In 1987, when the Maharashtra government published BR Ambedkar’s complete works on his birth centenary, the Shiv Sena made a major issue of a chapter in a volume titled ‘Riddles of Hinduism’. Ambedkar had questioned how Lord Rama could be Maryada Purushottam when he (Lord Rama) had toed the line of the Brahmanical order and agreed to destroy the tapasya (meditation) of a lower-caste man. Ambedkar had also questioned how Dronacharya, in the Mahabharata, could ask for Eklavya’s thumb in the form of guru dakshina.
The Sena held agitations but then Bal Thackeray took fright when he saw Ambedkar’s followers unite and rise as a formidable force. That was the only occasion when I saw them sink their differences and come together. That year the Dalit groups demonstrated what they were really capable of — and that shut Thackeray up effectively. He then chose to come to a compromise with the government. ‘Riddles’ could be published but as an appendix. The government agreed with alacrity.
Now the Shiv Sena and Raj Thackeray are making noises over another view of Ambedkar without quite understanding its import. While the RSS, if not the BJP, is quoting Ambedkar on the division of Maharashtra, no one is sure how his followers might now react to a public avowal of or opposition to Ambedkar’s views on the issue. During the states’ reorganisation, when Bombay State was formed in 1956 out of parts of today’s Maharashtra and Gujarat, Ambedkar had described it as ‘a monster state’. Jawaharlal Nehru had asked both the Gujaratis and Maharashtrians to ‘try out’ the experiment but in a few years the leaders of both these communities had decided there would be no justice to either in a ‘mixed’ state. That was something that even Ambedkar had cautioned against but then he went ahead and advocated that four states be carved out of Maharashtra — Bombay as a city state or union territory; Deccan, comprising parts of Western Maharashtra today; Central Maharashtra (Marathwada); and Eastern Maharashtra (Vidarbha). Since the debate then was about linguistic states, Ambedkar had said it was not necessary to have one state for one language. ‘Rather one language for one state,’ he said.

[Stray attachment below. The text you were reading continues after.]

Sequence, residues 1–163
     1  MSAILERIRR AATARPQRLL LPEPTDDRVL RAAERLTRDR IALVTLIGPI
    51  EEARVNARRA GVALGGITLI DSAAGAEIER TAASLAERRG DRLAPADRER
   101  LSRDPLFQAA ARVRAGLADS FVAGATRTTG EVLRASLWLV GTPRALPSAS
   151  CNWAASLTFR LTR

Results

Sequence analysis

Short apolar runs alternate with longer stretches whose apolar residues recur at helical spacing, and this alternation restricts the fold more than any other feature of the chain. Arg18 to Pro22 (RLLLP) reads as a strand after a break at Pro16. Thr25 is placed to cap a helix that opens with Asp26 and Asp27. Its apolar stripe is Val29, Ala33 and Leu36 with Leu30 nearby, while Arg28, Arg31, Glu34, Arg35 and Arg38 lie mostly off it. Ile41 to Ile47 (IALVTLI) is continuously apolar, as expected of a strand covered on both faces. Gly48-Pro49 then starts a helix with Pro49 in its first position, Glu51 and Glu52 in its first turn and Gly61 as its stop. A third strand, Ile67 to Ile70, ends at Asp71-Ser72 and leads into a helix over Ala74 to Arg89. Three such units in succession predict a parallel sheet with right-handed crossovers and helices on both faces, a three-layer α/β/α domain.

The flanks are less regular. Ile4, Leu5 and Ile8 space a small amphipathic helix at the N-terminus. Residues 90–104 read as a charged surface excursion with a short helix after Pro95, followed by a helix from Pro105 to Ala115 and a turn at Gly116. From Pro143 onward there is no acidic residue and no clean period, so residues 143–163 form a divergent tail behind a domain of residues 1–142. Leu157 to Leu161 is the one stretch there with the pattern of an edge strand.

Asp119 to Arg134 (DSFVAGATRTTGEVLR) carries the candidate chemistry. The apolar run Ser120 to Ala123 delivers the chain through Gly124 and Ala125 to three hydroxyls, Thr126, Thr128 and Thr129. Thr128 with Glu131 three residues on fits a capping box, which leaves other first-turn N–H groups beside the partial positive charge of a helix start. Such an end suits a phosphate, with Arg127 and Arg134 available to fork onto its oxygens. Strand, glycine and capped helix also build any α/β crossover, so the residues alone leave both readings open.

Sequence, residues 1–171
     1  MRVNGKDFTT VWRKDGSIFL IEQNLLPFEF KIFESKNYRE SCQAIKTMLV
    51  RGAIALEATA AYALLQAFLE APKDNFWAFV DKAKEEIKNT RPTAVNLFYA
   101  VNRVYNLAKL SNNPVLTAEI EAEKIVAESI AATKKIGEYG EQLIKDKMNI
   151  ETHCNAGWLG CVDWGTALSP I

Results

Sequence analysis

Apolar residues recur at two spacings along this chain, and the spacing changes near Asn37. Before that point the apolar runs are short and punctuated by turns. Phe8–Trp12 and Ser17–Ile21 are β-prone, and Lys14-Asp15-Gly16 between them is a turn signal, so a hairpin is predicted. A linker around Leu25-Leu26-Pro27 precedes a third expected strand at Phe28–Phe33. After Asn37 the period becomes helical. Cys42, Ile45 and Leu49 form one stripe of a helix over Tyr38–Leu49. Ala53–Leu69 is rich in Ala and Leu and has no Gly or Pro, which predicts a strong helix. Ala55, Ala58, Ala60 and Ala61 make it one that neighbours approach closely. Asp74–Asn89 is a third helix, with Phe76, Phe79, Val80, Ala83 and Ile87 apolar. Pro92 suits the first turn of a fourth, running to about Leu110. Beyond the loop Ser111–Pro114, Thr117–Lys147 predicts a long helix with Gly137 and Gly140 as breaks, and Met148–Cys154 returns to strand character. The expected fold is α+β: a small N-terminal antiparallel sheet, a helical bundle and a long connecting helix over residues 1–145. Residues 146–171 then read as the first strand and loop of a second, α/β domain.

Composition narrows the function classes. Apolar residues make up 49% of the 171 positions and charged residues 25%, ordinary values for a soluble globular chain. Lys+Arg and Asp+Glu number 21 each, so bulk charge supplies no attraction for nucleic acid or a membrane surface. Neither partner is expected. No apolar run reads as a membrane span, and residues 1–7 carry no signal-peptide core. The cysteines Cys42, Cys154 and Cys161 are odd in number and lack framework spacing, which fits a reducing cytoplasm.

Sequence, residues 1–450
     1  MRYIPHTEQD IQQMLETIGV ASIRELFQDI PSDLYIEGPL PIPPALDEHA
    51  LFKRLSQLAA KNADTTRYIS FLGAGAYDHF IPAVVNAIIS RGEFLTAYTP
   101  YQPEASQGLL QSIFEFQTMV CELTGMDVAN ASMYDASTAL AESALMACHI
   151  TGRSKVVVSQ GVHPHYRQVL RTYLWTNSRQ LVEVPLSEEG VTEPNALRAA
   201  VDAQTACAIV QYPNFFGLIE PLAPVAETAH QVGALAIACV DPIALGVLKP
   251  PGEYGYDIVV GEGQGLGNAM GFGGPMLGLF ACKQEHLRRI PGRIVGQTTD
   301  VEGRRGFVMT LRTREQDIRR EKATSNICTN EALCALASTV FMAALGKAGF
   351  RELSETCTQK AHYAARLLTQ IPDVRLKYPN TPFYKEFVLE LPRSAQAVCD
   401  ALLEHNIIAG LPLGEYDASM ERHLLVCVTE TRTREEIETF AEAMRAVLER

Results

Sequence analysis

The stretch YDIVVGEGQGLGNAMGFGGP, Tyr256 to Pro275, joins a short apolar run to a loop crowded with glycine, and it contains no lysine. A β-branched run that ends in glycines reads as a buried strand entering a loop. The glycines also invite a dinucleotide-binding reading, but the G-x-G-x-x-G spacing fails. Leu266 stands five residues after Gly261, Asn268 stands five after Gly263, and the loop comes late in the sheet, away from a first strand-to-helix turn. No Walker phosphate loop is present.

But now, 60 years later, the situation is such that if these four states are indeed carved out of Maharashtra, as MG Vaidya of the RSS advocates, where will it leave Marathi? Vidarbha will slip back into a Hindi-speaking region, Marathwada will return to the Dakhani of old as it was under the Nizamshahi dynasty of Hyderabad. Bombay has a majority of non-Marathi-speaking people, notably Gujaratis and Hindi-speaking Uttar Bharatiyas. Only Western Maharashtra will remain Marathi-speaking. I am not surprised, then, that both Uddhav and Raj Thackeray have seen this impending danger. But what are they doing about it?
Raj has merely threatened RSS leaders with dire consequences if they dare to divide the state. Uddhav has been content with pointing out that the move is aimed at reducing the influence and power of the Marathi-speaking people, 106 of whom died in the 1950s for a unified Maharashtra.
There is a feeling among Shiv Sainiks that their party must break with the government now on this issue to keep their Marathi asmita ethos alive. That might lead to a mid-term assembly poll, whose beneficiary could be only the Shiv Sena.
But does Uddhav have the courage to upset the apple cart? Even his supporters have doubts.